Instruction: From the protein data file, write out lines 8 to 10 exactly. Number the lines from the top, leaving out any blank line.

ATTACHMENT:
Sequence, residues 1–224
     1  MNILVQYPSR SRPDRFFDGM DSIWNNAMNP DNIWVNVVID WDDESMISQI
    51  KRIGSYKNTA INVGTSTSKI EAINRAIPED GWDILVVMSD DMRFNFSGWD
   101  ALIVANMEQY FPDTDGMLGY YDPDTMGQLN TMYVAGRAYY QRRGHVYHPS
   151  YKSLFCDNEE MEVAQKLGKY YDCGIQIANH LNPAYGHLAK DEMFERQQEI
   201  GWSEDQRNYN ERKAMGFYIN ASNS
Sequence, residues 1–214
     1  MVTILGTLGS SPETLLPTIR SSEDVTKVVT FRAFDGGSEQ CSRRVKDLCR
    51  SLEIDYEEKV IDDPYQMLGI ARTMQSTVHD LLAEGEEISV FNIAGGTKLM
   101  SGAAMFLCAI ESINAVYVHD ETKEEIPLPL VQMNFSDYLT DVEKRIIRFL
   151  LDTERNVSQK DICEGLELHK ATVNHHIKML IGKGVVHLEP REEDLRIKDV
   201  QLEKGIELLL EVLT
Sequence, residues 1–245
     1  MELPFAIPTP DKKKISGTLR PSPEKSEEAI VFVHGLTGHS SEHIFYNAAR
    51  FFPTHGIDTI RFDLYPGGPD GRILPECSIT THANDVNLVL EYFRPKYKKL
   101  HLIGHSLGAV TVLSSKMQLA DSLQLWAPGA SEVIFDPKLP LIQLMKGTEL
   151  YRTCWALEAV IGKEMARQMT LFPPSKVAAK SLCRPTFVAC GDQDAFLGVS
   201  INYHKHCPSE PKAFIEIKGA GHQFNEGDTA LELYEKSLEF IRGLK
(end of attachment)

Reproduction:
     1  MVTILGTLGS SPETLLPTIR SSEDVTKVVT FRAFDGGSEQ CSRRVKDLCR
    51  SLEIDYEEKV IDDPYQMLGI ARTMQSTVHD LLAEGEEISV FNIAGGTKLM
   101  SGAAMFLCAI ESINAVYVHD ETKEEIPLPL VQMNFSDYLT DVEKRIIRFL